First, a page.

The once severe problem of methamphetamine manufacturing labs in Alaska has diminished greatly because of a 2006 state law targeting them, but that doesn't mean addicts can't get meth, state officials told legislators recently.
Meth now is being supplied mainly by Mexican drug traffickers, and it's a much higher grade than that made by Alaskans, most of whom operated out of homes and apartments in the Mat-Su Borough, officials said last week in giving a status report on methamphetamine to the House Judiciary Committee.
About 45 pounds of meth were seized in Alaska last year by the Alaska Bureau of Alcohol and Drug Enforcement, a part of Alaska State Troopers, and other agencies that it works with, including the federal Drug Enforcement Administration, according to the bureau. That was a record amount, more than five times the nearly 8 pounds seized in 2007 and again in 2008, bureau statistics show.
It's also more than what authorities were finding in raids before 2006, when in-state meth makers faced lighter sentences and had an easier time acquiring ingredients, according to bureau statistics.
The 2006 law increased penalties and limited the amount of non-prescription cold medicines containing ephedrine and pseudoephedrine -- key meth ingredients -- customers could buy. Stores must keep medicines like Sudafed behind the counter and customers must sign for them.
In 2005, the year before the law was passed, the trooper drug bureau and other agencies shut down 42 meth labs. Last year, nine labs were seized, said Capt. Keith Mallard, who oversees the Alaska Bureau of Alcohol and Drug Enforcement.
"This legislation has been very successful. The problem we're having now has changed to importation," Col. Audie Holloway, director of Alaska State Troopers, told lawmakers. As he tells his troopers, "the lines of geography have changed a little bit when it comes to drugs in Alaska. We basically share a border with Mexico."
The meth seizures last year included a record 23 pounds of meth that was hidden in an SUV on a barge headed to Anchorage in December. It originated in Mexico, according to authorities.
An Anchorage man, Jared Lisenby, pleaded guilty in June to a federal count of conspiring to distribute that meth. Wasilla resident Ricky Reese is awaiting trial, as are two others in Seattle. Reese, owner of Shooter's Billiards in Wasilla at the time he was arrested, is accused of showing up at a staged buy with a down payment of almost $100,000.
Troopers told lawmakers that people try to ship meth to Alaska in various ways, including Federal Express, UPS and, as in the above case, stashed in hidden compartments of vehicles coming up on barges or the ferry system.
"We get drugs through all kinds of modes of transportation brought in that originate in some fashion or another in Mexico or by the control of Mexican drug trafficking organizations," Holloway said.
The briefing was sought by state Rep. Jay Ramras, R-Fairbanks. He chairs the Judiciary Committee, was the prime sponsor of the 2006 law and is a candidate for lieutenant governor. He turned the meeting over to Rep. Carl Gatto, R-Palmer, "in the interest of not politicizing this event."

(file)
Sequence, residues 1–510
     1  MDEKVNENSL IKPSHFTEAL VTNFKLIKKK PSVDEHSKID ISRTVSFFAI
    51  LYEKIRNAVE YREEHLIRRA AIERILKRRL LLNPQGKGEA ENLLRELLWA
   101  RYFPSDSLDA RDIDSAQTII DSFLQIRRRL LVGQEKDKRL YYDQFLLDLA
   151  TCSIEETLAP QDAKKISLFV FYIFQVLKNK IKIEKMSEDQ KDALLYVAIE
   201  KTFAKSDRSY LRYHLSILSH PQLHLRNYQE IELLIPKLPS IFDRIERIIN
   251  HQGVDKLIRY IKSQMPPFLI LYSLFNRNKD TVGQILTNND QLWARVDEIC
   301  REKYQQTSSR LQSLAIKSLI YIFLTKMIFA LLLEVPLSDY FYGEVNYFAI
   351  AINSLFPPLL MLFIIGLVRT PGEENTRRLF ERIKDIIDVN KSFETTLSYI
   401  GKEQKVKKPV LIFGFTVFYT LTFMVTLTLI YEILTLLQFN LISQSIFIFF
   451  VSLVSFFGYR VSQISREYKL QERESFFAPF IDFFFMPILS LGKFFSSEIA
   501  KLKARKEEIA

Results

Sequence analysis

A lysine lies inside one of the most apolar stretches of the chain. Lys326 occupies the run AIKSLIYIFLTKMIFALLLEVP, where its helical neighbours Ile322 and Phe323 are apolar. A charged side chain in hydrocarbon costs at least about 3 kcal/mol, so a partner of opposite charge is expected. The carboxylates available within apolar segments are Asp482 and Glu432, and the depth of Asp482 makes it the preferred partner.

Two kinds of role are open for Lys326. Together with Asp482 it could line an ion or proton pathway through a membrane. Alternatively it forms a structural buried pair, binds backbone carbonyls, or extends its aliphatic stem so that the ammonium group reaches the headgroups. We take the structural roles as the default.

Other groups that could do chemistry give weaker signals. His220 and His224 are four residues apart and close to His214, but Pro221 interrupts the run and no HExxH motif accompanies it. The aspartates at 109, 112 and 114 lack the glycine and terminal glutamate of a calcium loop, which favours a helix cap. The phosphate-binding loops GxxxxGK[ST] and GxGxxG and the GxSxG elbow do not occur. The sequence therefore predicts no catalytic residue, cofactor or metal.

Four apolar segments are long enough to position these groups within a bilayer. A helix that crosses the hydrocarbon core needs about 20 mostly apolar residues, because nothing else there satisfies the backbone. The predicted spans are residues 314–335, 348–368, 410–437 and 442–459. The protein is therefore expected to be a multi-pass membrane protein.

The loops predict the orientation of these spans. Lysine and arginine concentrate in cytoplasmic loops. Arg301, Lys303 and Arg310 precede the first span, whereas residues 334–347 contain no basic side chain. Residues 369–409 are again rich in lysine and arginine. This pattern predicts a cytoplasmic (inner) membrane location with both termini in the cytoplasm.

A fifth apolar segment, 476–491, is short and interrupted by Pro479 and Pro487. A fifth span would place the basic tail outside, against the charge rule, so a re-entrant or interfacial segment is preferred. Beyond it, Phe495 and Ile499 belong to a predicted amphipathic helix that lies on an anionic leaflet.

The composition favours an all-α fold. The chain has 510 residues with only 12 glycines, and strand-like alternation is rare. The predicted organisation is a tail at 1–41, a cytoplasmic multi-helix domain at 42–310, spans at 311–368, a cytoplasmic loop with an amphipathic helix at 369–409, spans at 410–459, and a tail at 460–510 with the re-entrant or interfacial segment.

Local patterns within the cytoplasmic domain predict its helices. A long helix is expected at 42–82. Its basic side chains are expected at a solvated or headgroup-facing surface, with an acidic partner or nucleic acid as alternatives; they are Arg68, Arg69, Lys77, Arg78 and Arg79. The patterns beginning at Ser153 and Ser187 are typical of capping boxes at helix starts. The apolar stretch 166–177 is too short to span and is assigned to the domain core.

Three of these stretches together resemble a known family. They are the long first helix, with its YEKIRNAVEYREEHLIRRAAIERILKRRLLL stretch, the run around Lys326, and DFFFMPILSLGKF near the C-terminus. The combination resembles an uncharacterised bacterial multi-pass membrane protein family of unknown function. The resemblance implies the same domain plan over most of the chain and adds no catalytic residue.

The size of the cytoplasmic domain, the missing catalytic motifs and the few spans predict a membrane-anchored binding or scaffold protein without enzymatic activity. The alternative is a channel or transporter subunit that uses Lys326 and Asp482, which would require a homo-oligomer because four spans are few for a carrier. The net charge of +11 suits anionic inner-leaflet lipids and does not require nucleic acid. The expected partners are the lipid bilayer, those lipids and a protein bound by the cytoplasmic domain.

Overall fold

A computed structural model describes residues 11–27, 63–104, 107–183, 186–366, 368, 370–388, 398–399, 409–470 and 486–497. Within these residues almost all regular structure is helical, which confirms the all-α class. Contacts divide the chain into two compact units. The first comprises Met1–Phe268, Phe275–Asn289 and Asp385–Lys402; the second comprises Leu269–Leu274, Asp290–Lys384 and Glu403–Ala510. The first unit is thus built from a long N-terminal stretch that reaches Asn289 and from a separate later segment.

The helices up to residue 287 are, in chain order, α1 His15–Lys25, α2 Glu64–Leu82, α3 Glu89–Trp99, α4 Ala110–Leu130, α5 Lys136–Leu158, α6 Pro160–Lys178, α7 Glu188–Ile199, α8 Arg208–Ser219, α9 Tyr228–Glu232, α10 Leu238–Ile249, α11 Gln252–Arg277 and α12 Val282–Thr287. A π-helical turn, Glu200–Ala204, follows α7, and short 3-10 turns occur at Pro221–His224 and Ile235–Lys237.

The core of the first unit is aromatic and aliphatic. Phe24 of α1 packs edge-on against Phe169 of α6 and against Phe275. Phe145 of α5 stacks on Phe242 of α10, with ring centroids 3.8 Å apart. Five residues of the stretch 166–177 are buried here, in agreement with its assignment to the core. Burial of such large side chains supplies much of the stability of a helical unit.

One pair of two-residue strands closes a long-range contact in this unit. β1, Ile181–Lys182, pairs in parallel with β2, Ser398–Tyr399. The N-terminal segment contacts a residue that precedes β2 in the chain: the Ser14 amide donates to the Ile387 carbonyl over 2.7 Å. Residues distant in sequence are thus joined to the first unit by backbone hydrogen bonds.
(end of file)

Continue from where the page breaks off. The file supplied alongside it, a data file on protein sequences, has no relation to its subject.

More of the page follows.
"We're going to talk about shifting resources for various departments, including the Department of Public Safety, away from trying to stop meth lab production and toward the interdiction of methamphetamines," Ramras said.
Ramras said he recently learned that a couple who used to work for him at a Fairbanks restaurant both are "on the pipe." The woman prostituted herself for meth, he said. They have two young children. He's not sure if the family is still together but suspects they are, for now.
Troopers said they already are shifting their focus from in-state labs to importation. But to do more will either require more money or reducing another area of enforcement, Holloway said.
Deputy Attorney General Rick Svobodny told legislators that while the problem of meth labs in homes and apartments is easing, the new twist is meth in a bottle. People are making it in plastic soda bottles; some states report people are trying to do that even while driving down the road, and getting physically injured and burned.
"Have we improved? Have we decreased the use of methamphetamine or has it stayed the same or have we moved into a different drug?" Svobodny said. "It's really hard to tell."
Anchorage police are telling prosecutors that they are seeing less meth and more heroin when they make street arrests for crimes like prostitution, he said.
Still, substance abuse treatment centers have reported a 15 percent increase in people being treated for meth addiction, Joan Houlihan, a state behavioral health specialist, told legislators.
Meth is so addictive that most probably don't try to get clean on their own, but do so under threat of prison or losing their children, which could be related to the tougher provisions in the law, according to Houlihan.
Gatto, the Palmer legislator, questioned whether treatment works well enough to justify continued state support. Melissa Witzler Stone, director of the state Division of Behavioral Health, said treatment agencies are well trained in how to best reach addicts, but treatment is expensive.
State Rep. Peggy Wilson, a Republican who called into the hearing from Wrangell, asked whether the dealers were illegal immigrants.
Mallard responded that some of those involved were illegal and some were legal, but most are connected to Mexican traffickers.
Holloway suggested legislators follow Oregon's lead and require prescriptions for the cold medicines with the sought-after ingredients, to shut down meth labs entirely.
Ramras said his office was going to work on recommendations this fall.
By LISA DEMER
July 17th, 2010
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